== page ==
Jon Berry's December 12 angling column

‘WHAT do you do instead of fishing, when it gets really cold?’ I was asked this twice last week by colleagues who, like me, had woken to the first notable frosts of the year. They’d assumed, quite wrongly, that anglers reeled in and did something sensible at such times. Many of us don’t.

The secret to winter fishing, for me, is to keep on the move. The fish will be less mobile in cold weather, and we must go looking for them. A stalking, roaming approach helps us to keep warm, too.

The river angler knows this better than anyone. Floods and frosts will push fish in to unlikely spots that are best found only by casting in to them. And they may well be places that sensible, fair-weather anglers would dismiss.

I learned this from a master – the angling writer and former carp record-holder, Chris Yates, who could never be described as sensible. We were perch fishing on the Kennet three years ago and the main river was high and coloured. We’d walked for miles and nobody was catching, and had gathered round a Kelly Kettle in the Fisherman’s Hut to share our hard luck stories.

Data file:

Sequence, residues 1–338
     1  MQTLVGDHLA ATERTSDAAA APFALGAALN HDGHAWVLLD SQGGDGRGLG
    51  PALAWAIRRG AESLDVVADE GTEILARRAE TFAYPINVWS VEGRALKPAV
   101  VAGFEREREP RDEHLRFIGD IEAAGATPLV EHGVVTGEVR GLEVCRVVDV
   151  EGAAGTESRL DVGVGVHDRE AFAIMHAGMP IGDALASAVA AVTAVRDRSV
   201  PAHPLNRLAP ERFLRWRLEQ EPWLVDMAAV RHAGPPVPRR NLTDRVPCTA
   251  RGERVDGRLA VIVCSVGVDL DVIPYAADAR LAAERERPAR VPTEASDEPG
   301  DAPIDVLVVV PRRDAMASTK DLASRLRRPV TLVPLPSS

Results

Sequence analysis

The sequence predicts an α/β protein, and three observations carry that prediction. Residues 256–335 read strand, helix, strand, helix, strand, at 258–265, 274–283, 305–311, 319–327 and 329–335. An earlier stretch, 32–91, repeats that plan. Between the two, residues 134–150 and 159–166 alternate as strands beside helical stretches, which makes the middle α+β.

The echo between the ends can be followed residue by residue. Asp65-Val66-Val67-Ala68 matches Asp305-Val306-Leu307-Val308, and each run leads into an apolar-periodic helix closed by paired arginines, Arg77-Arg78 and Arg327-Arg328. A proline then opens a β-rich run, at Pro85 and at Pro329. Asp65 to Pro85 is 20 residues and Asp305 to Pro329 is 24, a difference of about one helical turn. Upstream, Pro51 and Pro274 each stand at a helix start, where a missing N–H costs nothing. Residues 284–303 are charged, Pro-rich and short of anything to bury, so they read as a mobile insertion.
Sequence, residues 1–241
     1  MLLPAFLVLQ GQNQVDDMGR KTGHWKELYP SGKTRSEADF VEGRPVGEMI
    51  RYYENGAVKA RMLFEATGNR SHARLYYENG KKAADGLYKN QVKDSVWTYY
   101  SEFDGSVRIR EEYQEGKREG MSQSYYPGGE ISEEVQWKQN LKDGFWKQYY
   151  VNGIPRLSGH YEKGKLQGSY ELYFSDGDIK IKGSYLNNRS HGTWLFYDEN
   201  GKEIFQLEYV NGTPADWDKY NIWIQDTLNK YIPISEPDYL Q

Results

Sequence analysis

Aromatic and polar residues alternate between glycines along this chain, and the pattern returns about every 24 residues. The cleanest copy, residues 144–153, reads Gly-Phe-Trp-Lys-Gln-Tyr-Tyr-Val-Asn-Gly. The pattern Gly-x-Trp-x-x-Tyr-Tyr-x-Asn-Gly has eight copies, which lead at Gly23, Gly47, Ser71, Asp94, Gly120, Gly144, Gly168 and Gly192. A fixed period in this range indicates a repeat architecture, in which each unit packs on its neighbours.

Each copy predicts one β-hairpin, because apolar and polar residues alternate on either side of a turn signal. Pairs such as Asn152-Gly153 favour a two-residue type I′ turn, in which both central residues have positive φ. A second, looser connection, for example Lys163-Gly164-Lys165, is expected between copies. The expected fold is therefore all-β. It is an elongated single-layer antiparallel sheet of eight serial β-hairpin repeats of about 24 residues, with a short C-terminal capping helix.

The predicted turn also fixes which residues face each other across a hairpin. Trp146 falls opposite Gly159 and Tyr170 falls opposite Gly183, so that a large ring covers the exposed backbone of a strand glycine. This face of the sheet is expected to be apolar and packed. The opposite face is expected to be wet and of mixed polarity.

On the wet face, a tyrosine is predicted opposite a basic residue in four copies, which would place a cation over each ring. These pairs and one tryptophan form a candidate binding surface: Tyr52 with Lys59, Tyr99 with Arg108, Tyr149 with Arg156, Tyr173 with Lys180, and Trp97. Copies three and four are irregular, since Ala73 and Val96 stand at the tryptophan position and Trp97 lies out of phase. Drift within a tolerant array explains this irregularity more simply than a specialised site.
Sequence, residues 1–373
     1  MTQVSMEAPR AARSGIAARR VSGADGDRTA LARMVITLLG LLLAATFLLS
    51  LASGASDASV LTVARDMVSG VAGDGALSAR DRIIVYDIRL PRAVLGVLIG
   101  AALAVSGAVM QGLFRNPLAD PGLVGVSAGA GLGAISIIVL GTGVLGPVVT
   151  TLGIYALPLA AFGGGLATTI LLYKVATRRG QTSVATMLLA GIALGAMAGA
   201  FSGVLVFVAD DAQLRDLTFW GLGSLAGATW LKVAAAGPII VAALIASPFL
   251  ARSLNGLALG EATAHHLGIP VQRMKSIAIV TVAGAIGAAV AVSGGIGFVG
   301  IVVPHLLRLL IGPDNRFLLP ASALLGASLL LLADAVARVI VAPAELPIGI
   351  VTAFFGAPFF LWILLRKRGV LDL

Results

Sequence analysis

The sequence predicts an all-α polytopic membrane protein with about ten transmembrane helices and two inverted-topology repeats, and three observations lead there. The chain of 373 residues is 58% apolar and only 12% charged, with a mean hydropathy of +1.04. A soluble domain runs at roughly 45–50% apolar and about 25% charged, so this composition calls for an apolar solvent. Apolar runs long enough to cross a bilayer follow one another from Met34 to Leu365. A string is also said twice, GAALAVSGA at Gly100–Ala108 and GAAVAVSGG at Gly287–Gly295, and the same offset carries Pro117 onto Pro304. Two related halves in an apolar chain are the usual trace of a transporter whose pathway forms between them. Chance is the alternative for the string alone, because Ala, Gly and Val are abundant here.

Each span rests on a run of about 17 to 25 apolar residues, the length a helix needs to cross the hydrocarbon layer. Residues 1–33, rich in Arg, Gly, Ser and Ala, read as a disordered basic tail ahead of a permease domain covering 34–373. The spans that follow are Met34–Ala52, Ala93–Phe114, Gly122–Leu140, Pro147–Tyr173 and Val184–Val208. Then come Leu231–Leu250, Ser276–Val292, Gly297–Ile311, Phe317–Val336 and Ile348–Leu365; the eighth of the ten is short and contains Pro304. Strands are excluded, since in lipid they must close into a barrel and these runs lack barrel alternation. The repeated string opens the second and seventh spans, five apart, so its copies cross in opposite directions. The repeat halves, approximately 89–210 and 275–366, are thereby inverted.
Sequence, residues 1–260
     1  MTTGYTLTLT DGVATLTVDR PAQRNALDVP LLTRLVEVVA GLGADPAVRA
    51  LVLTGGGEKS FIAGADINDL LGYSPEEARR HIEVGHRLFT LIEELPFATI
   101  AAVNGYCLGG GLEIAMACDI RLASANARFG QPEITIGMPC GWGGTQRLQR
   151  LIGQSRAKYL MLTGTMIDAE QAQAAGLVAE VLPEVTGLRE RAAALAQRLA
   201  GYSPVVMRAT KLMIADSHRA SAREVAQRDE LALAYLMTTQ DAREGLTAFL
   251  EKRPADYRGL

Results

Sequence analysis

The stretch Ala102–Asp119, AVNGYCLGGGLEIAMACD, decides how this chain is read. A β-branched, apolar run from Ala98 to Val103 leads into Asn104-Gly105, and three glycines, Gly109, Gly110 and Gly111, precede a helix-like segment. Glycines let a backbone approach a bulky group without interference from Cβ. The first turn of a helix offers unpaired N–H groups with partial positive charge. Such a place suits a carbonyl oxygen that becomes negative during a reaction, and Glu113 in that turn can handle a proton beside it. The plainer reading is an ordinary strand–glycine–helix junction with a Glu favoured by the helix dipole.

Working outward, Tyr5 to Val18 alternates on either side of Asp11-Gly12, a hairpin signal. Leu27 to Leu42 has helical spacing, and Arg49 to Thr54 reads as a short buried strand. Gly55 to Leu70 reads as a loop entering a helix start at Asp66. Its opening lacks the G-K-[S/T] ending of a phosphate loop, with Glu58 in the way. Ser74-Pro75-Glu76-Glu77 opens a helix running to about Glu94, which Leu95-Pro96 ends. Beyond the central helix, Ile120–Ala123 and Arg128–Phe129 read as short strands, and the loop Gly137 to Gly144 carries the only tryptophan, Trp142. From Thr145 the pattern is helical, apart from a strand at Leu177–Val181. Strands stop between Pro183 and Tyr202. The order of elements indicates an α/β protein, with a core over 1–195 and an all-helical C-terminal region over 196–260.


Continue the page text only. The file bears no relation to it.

As we mortals supped scalding tea and blew in to our hands, Yates sat there, guru-like, pondering. ‘I know where they’ll be’, he announced after a protracted silence, and then he was off across the fields like a gangly, tweed-clad hare before we could put down our mugs and follow him.

We found him, perhaps half-an-hour later, trotting a worm in a side ditch that had swollen just enough to become fishable. And the perch, of course, were there. He caught 12 two-pounders that day and even allowed Kevin and me to have a cast. We both caught a ‘two’, and he soon shoved us off and continued plundering his ditch. Quite right too.

It’s not just perch that respond to this speculative, wandering approach. Chub, pike and silvers will all be hidden away somewhere, and you’ll just have to find them. Travel light, ensure your footwear is warm and waterproof, and be prepared to cover some miles. Move your bait around each swim, as the fish will be less inclined to chase it down, and persevere. You’ll find them, and may just have a story of great triumph to share with your own workmates on Monday morning.

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